Present participles are easy. There are present participles and past participles. Maybe you have never thought about bits of language being regular or irregular.20 Regular verbs? Irregular verbs? The verb to live. . They’re the -ing forms. They are called participles. is a regular verb in English. Participles There are two other verb forms in English that you may find it useful to know about. which we have just looked at. But I I I I write eat sleep drive I I I I wrote ate slept drove I I I I have have have have written eaten slept driven These verbs are not at all regular. But consider: I live I help I consider I lived I helped I considered I have lived I have helped I have considered These verbs are regular. They “obey the rules”. They go their own individual ways.
Auxiliaries More jargon. were. The fact that we do say. so we get eaten. driven. was. I eaten. The regular ones (see regular verbs. . are sailing. gone. previous page) just take -ed as an ending. have been etc and you get the continuous tenses: was going. am trying and the rest. written. are. for instance. he worked and they helped simply shows that with regular verbs the past participle and the simple past tense are identical. had. Use a present participle along with am. or -d if they already end in e. he drawn.21 Add -ing to any English verb and you have a present participle. You will learn to recognise them by their functions in context. The irregular ones do their own thing. Look at this sentence: He will be staying there for three weeks. We don’t say. drawn and scores of others. We don’t use them by themselves. You already know that staying is a present participle. is. Past participles are less simple. Participles by themselves are not finite. The complete verb in the sentence is will be staying.
but auxiliaries when they are used in conjunction with participles. In primary school they used to be called helping verbs. but they may in other languages. Go back and look them up. They don’t take different forms in English. — Take the next turn to the right. please. (There’s another example for you — two in fact. have and am to name just two.) Here are some more: • • • • Watch your step! — Beat the butter and sugar together. If you look back at other verbs we have discussed you will recognise other auxiliaries. There are two examples at the bottom of page 3. — .22 The words will and be are called auxiliary verbs. — Put your toys away. Most auxiliaries are also finite verbs in their own right when they are used alone. Imperatives These are the verbs for instructions and commands.
Try playing around with some more examples.” If we report this to someone else some time later. He said he was going fishing. we’ll say. You’ll think of plenty.23 Direct and indirect (reported) speech Have you ever noticed how we alter our verbs when we report what someone has said? He said. “I’m going fishing. .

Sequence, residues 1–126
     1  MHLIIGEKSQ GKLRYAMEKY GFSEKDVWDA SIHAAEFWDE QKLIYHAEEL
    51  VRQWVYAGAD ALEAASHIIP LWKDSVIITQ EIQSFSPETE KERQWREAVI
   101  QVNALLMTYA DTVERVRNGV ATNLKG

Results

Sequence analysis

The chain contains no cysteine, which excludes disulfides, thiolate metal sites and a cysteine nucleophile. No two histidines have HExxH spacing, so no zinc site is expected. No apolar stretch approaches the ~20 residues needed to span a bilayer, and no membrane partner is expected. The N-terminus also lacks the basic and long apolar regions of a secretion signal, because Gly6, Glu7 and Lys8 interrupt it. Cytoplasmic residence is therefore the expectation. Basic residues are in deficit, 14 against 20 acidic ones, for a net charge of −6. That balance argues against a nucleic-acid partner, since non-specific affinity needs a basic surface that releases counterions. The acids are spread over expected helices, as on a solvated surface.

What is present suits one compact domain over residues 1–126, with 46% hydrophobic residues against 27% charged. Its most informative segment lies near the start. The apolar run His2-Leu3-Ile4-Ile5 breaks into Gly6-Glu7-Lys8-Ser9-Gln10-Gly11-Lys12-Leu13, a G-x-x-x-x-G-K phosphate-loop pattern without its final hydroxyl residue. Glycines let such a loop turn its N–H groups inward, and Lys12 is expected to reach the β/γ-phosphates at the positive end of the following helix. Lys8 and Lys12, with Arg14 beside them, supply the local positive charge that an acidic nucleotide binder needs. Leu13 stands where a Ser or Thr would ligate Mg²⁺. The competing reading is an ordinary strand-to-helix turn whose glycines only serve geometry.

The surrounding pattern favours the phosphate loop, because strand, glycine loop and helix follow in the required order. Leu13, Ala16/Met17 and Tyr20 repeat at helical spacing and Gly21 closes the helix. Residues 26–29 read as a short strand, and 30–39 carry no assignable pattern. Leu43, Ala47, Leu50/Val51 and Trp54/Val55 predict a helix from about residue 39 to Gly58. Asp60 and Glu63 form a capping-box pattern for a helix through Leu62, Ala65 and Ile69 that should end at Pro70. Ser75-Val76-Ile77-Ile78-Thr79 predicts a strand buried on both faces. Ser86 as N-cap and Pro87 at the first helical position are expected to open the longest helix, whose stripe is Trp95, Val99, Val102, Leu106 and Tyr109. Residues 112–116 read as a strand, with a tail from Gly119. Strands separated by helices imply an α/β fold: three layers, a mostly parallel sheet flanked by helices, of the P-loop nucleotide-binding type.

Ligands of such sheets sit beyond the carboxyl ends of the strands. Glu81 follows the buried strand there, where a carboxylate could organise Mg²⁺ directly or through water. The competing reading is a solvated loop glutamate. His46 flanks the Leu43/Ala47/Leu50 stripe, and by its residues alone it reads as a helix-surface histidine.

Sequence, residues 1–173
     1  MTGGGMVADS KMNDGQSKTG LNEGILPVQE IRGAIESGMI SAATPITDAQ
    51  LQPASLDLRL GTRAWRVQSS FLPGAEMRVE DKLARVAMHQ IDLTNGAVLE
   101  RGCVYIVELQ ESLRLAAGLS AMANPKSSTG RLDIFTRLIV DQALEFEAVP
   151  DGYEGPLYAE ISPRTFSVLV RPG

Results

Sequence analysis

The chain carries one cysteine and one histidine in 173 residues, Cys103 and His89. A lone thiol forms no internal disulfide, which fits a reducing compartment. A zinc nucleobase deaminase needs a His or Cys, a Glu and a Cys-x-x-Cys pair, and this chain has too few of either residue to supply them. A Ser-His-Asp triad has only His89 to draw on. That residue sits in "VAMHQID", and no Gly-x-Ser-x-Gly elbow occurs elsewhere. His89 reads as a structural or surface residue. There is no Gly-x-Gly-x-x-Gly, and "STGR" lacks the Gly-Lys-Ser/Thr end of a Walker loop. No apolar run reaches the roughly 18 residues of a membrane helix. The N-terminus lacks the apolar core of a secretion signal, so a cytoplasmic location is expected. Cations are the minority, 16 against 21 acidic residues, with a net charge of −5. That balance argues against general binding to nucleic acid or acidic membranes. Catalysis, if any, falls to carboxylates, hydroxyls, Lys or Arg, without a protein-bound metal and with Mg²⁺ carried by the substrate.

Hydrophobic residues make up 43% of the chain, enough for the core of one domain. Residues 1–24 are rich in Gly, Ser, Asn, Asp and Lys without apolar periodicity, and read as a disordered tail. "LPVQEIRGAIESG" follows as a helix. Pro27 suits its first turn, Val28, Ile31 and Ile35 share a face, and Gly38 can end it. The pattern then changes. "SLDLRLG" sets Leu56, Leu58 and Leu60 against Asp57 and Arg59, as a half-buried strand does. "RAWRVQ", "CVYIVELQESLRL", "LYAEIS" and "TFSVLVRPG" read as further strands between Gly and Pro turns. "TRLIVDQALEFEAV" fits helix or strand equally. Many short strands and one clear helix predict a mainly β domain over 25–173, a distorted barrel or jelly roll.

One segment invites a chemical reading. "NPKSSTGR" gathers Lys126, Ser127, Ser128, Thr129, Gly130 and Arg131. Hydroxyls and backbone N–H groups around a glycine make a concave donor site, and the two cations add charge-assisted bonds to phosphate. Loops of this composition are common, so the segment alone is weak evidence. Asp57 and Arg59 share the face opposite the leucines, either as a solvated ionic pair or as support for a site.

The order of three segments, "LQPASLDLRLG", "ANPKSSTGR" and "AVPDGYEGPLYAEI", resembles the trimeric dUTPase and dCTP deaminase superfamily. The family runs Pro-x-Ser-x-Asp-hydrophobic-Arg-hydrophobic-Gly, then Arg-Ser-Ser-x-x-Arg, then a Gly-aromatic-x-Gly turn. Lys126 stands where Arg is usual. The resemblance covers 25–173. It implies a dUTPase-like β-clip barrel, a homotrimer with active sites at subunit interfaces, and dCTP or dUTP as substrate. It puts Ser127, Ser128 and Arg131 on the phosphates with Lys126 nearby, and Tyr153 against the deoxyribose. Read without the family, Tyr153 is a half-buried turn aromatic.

Most adjectives are always adjectives. an exciting story a boring lesson a painted picture an excited child bored students a writing implement Other adjectives look like nouns. wild wide long beautiful irregular expensive conscientious cool But some adjectives look like verbs. English has plenty of them. • • • • This possum’s usual home is the wet forest. • • • • noun Give him his account. Why does she keep that rickety old bike? Are they clever? Oxygen is colourless. That is. noun Mine is a big family. odourless and abundant. adjective Our shop is a family concern. tasteless. In fact they are parts of verbs. .24 Adjectives These are the words that describe things. adjective Here’s the account book. we don’t use them as verbs or nouns or anything else. They are nouns doing the work of adjectives. but they do the work of adjectives.
are these and those. The -est form is called the superlative. Their plurals.25 Look again at the first two sample sentences on the previous page. Other adjectives ending in -y follow the same pattern. of course. For longer words we say (for instance) expensive annoying intelligible more expensive more annoying more intelligible most expensive most annoying most intelligible * note the spelling of this one. . This possum’s usual home is the wet forest. Why does she keep that rickety old bike? This and that in such contexts are also considered to be adjectives. See page 29. Comparison of adjectives cheap long happy cheaper longer happier better worse cheapest longest happiest* best worst But good bad The -er form is called the comparative. They are called demonstrative adjectives. Some grammars and dictionaries see these as articles (determiners).
not always alongside. she locked the medicine chest. but still connected. “No”.26 Adverbs They used to say that adverbs tell how. There are adverbs of : manner wisely well happily fast clumsily hard honestly Wisely. We’ve carefully planned all the moves. he said. therefore. They come here often. Please arrive punctually. time yesterday then later frequently Can you come later? . You’d expect. Well done! Don’t hit it hard. to find adverbs connected to verbs. and that’s where they mostly are. and laughed loudly. when and where a thing is done.
just as there are for adjectives. This adverb is connected not to the verb but to the adjective ready. degree quite almost very We’re almost ready.27 place here there down somewhere Jack fell down and broke his crown. How? Why? Where? When? — Where was Jack going? Why did he fall down? And how did he break his crown? There are comparative and superlative forms for adverbs of manner. wisely happily effectively more wisely more happily more effectively most wisely most happily most effectively But — well better best . Then there are adverbs for asking questions.